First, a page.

The pink elephant – gender balance in Tech
If you haven’t been to an #HRTechWorld conference you should go. There is another one in Paris in October. You can see a palpable and invigorating energy which extends from the exhibition floor to the main stage, through to the break out rooms. There is lively discussion focused around innovation, disruption, leadership trends and the future of work. Technological process intersects with conceptual thinking and philosophy, to produce a heady cocktail of ideas, thoughts and buzz. Add a fun element: walking trees and clouds, talking sofas and selfies with Umpa-Lumpas. And not forgetting a calorie on every corner.
The exhibition hall is where the jeans and sneaker brigade, with maybe the odd hat, meets the suits. Here the talk is of latest developments, the place where the practical meets the philosophical and a new generation of innovators gets to pitch their ideas.
Inspirational Key Notes
The keynote speakers are excellent, polished and passionate about their subjects. Simon Sinek was a new speaker for me. Author of “Start with Why” he is presenter of the third most watched TedX Video “How great leaders inspire action.” He talked eloquently and convincingly about the need to move away from dopamine addicted leadership to trust, collaboration and responsibility. His inspiring rallying cry was:
“be the leader you wish you had had.”
He reminded us that good leaders are “responsible for their people who are responsible for their results” and urged us to reward the behaviour we wish to see.
Jason Averbrook predicted a dramatic shift in workplace structures, transforming jobs and functions, to make many elements of the current HR function redundant. He urged us all again that technology would only function effectively if the end-users thought data was “sexy” and used it meaningfully. He wants end users to appreciate the process, they will move from “adoption to addiction.”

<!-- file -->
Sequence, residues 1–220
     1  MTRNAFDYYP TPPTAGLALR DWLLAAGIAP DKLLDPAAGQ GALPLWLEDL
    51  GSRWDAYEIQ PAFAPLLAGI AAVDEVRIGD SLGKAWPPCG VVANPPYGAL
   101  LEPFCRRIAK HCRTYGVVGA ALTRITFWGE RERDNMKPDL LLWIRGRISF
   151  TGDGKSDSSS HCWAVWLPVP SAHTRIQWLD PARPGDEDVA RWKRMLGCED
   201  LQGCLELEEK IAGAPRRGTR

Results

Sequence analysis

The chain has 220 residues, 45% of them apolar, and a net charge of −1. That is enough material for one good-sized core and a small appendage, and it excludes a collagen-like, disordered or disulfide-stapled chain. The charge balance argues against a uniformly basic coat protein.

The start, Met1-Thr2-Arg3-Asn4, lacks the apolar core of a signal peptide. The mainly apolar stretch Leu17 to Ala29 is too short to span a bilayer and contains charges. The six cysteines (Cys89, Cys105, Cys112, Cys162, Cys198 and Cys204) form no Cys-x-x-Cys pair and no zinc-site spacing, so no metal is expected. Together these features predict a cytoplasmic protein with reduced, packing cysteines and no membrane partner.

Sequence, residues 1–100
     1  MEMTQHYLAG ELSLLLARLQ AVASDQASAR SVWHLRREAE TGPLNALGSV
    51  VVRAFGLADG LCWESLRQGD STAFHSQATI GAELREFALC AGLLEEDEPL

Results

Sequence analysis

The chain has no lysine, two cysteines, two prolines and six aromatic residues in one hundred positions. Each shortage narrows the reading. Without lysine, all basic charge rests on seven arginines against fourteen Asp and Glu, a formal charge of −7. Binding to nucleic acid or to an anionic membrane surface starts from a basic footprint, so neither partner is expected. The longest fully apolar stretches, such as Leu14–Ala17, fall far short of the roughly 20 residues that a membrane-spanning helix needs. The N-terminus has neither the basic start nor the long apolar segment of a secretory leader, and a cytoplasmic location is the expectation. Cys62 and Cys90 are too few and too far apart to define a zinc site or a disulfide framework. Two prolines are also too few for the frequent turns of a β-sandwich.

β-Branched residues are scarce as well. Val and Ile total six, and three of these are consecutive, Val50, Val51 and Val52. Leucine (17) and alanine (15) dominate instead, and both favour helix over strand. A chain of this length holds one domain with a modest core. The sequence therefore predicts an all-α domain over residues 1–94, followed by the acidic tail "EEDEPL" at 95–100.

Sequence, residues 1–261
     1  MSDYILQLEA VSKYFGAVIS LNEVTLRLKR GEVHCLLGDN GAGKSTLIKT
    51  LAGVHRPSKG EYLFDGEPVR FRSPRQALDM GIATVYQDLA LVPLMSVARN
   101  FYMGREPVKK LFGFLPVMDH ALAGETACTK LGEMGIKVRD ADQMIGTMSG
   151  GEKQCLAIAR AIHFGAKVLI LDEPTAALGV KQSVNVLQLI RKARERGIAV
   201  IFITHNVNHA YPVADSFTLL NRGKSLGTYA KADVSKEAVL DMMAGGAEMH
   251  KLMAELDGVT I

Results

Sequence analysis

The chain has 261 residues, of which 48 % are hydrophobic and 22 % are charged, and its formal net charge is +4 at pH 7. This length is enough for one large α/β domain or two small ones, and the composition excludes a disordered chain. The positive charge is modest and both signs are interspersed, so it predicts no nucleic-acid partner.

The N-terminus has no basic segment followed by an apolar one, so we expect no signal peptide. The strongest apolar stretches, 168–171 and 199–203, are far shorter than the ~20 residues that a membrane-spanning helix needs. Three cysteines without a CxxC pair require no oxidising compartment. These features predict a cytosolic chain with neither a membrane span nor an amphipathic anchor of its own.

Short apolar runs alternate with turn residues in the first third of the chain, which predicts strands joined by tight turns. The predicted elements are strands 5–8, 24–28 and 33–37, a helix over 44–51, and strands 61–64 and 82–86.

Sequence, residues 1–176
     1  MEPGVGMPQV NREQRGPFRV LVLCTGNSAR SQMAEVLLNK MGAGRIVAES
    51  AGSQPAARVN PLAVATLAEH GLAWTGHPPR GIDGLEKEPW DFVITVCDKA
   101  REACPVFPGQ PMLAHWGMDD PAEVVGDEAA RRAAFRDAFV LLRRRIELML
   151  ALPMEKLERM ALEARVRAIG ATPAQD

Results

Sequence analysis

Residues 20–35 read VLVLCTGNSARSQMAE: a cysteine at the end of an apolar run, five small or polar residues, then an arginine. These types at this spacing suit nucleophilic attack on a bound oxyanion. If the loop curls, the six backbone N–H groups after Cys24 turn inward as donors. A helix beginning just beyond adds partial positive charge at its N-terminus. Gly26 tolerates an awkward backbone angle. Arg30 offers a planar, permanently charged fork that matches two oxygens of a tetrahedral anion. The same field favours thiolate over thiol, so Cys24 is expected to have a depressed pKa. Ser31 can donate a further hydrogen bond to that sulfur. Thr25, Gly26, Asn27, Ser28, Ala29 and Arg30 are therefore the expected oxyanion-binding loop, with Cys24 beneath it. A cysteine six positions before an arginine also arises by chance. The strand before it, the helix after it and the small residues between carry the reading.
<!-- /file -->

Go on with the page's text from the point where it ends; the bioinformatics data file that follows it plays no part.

“Too many HR systems are designed for HR, not the workforce who use them.”
But this buzz, the atmosphere and language are resolutely male. Women make up 76% of the HR function, yet I would guess on a look-see basis the balance at the conference was roughly 70%:30%, men to women. The language of the culture is peppered with sporting and military metaphors.
It’s all benign. There is no ill intent. No one thinks twice about it.
And that’s exactly the problem. One female participant said she is so used to it, she no longer notices. We hear about Black Belts, scrums, squads, ninjas, killer apps, champions, heroes and winners.
Skirting around the pink elephant
With the focus on the future, the one issue that is usually skirted around (literally) was tackled in greater depth. That is the topic of the lack of gender balance in tech. Or lack thereof.
Heidi Spirgi, SVP products and Services at Marcus Buckingham, in her round table session on women in tech, shared some stats. Women represent 60% of graduates, 50% of the workforce and influence 80% of consumer decisions. McKinsey estimate that advancing gender balance can add $12 trillion to global growth. Although the numbers vary internationally, women are sorely under represented in the tech sector. Even in Google, only 30% of the workforce is female.
— Sandra Cameron (@Sandycc751) March 16, 2016
Her feelings were unequivocal. In the Tech sector, which lies at the cutting edge of future developments, she maintains we are replicating old school models of influence, power and money. Women occupy just 17% of tech jobs in the UK, a number which has plateaued in the past five years despite the sector growing in importance to the economy.
— David Green (@david_green_uk) March 16, 2016
There are 600,000 open vacancies in the sector, forecast to rise to 1m by 2020, with a massive skill set deficit, where we are overlooking or losing, half of our talent pool. There was no doubt in her mind that for all businesses to succeed, not just tech, gender balance is vital. This can’t be achieved with things as they are.
This business point was reinforced in the final wrap up by Anne-Marie Tomchak who reminded us of the commercial repercussions of excluding women. Apple initially neglected to include a tracker for women’s menstrual cycles in their Health App, missing a huge global demographic of billions of girls and women aged 13-50, simply because there were no women developers on the team.
Biggest disruption will be people
So the biggest disruption and innovations in Tech may not only be a widget, gizmo, app or process. The biggest challenge to the future of work will be as Lane Fox called for, new ideas to radicalize our organisations going forward, where we will see balance and diversity. When we are talking about new leadership approaches of trust and collaboration (Sinek) and people management (Averbrook,) we should be taking responsibility to include women. Gender balance in Tech is not just a nice to have, but vital for business success.
Simon Sinek mentioned that good leadership is about serving. “Officers eat last” he said.
Well, generally so do mothers
If you are looking to strengthen your female talent pipeline hiring and retaining the best talent contact us NOW!